Once I heard back from most of my readers I began the task of finding a home for this piece. I’ve been utilizing Duotrope. It’s a handy site with thousands of publishers all along the literary spectrum seeking submissions at varying compensation levels. To say it was overwhelming would be an understatement.

The biggest obstacle I encountered was the categories. Those who know me know that I’m no fan of labels or categories. I dislike using labels to describe creative things because labels create a prejudice. At the same time, I have a very difficult time attaching labels to my work. I’ve asked others where they feel most of my work fits and have never really gotten a good answer. If I had to put a label on it, I’ve decided I’d file most of them under Slip Stream; but only because that label is about as nebulous as the actual stories.

I know that while being ostensibly being surrealist fiction, Empty Glass is more of an existential drama. I know that while it bears the hallmarks of a Western, Coyote is more akin to folklore, and that Rorschach appears to be another angst-ridden teen story, it’s more of a psychological horror. I know that Tree Rings was originally written as a children’s story, but it grew up in editing; so I’ve no idea where it fits now. So when looking for a home for this new story which is Sci-Fi only in the sense that it utilizes a time machine to make the plot possible… Where do I put it?

After a while I found a few places, leaning toward publications which weren’t really specific about genre; matching grey to grey. But finding places to submit is easy compared to the next step, the cover letter.

What do you say in a cover letter? Most places say; tell us a little about yourself, and a little about your submission. That feels redundant to me. All of the stories are, in some sense, about me. Is that pretentious?

My gut says to write, “Just read it.” But my gut also craves Taco Bell on an all-to-regular basis and is not to be trusted.  All total, I’d say that by the middle-end of the month I’d written 2,500 to 3,000 words worth of various cover letters. Typically, the description of the story didn’t change between letters, but I tried to include a little bit of how I felt my work was relevant to their publication. I don’t know if that will matter, but it’s been a few weeks for some and so far no one has said, “No.”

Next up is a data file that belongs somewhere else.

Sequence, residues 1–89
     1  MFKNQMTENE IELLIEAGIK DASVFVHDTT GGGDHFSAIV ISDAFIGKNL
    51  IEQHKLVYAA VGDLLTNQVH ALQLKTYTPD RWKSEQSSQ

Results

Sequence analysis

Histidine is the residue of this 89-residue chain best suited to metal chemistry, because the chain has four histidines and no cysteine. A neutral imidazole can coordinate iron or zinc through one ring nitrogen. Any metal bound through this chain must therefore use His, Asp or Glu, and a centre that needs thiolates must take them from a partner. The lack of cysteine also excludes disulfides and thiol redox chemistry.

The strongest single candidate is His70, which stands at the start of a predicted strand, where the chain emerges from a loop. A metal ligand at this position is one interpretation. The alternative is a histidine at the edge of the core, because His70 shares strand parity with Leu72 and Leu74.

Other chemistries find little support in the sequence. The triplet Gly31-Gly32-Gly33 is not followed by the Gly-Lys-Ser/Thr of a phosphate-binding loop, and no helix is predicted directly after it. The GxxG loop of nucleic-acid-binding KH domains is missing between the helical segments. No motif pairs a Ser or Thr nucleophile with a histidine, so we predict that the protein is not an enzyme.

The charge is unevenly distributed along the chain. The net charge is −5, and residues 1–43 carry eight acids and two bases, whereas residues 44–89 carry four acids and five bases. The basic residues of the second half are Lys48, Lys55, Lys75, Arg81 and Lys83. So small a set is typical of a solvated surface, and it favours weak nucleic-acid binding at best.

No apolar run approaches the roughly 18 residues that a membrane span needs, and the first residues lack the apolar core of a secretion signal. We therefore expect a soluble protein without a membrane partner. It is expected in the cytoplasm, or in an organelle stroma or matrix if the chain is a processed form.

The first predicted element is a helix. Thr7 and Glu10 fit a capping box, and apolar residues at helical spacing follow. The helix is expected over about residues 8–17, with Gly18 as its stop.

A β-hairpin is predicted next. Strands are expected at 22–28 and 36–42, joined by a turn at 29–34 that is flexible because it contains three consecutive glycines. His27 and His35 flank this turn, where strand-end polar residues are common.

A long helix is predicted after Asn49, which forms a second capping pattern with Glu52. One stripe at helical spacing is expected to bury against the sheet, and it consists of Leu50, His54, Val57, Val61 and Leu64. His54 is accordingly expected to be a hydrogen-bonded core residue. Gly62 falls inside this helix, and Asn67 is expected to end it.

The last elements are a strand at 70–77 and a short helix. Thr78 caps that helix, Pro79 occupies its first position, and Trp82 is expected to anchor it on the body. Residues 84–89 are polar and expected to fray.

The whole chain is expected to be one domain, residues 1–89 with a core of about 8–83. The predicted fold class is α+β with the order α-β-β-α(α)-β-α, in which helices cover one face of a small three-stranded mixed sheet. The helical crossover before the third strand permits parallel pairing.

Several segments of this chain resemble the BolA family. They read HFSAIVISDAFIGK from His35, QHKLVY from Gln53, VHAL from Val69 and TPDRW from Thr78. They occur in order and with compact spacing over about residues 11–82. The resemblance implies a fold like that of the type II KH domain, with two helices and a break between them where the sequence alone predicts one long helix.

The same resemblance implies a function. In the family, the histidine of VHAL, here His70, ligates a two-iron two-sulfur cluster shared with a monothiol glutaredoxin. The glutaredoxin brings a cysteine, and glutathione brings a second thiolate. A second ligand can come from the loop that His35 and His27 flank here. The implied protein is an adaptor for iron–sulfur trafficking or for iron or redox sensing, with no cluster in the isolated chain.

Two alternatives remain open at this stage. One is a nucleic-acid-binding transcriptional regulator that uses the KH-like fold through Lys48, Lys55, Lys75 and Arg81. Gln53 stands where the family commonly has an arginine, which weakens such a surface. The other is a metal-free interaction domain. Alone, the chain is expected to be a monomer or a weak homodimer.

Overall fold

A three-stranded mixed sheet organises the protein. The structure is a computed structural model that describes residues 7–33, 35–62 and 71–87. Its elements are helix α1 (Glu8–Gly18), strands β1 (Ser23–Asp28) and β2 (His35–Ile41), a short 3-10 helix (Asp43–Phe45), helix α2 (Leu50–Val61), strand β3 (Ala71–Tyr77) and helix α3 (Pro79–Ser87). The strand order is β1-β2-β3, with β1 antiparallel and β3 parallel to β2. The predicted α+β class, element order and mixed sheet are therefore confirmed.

Once done with the cover letters and finished with the submissions, I turned my attention to touching up and editing old material; the stuff here on this site (I haven’t posted any edits) with the intent to find homes for them as well.  A surprising number of publications don’t have any problem with submissions which have already been hosted elsewhere; so that was a cool discovery.

Day after day I spent my bus rides too, and from work with my red pen in hand drawing slash marks through things I’d worked really hard on in the past and the more red lines that I drew the more disheartened I became. Eventually, despite having lots of ideas for new material I had to set it aside and take a break.

All total I think I’ve spent more time on writing in the month of May than any month prior, even though the end result is that no new creative writing was completed. I did one blog post totaling about 1,300 words, the cover letters, some handwritten uncounted outlining for a few new stories, and a whole pile of red marks.

So, I didn’t make my 10,000 word goal for the month, but I’m hesitant to call it failure.

Supposedly, AWR will be getting a new competition going in the next few days and I’ll have some motivation to write for that. In the meantime, I’m taking a breather.

I did spot this today, though, while posting this blog entry.


My story has been seen, and probably ignored, in South Africa! Thanks Google!
My ignorant ramblings could have offended someone half a world away. That’s exciting!

Pivotal Bonfires

I have this memory of a twilit beach. I’m sitting on a driftwood log with my back to the ocean.  There is a campfire burning low; little remains but coals and the occasional adventurous flame licking the evening air. I’m eighteen years old in this memory. Behind me, between myself and the crashing waves in the distance slowly consuming the sun, a pair of teenagers are tossing a Frisbee back and forth.  They are barefoot, dressed in denim pants and t-shirts. In front of me, beyond the fire, past the rolling bank of dunes patched with sparse beach grass, is a small ocean-side town.

I’m not alone at the fireside. There are six of us, boys and girls on the cusp of adulthood, staring into the flames each wrestling with our own version of what comes next; what comes after this night? We are not anxious. In fact, quite the opposite. We each watch the fire with calm anticipation. It’s silent, but for the crashing surf and the soft notes issuing forth from an acoustic guitar; “Yellow Ledbetter” by Pearl Jam.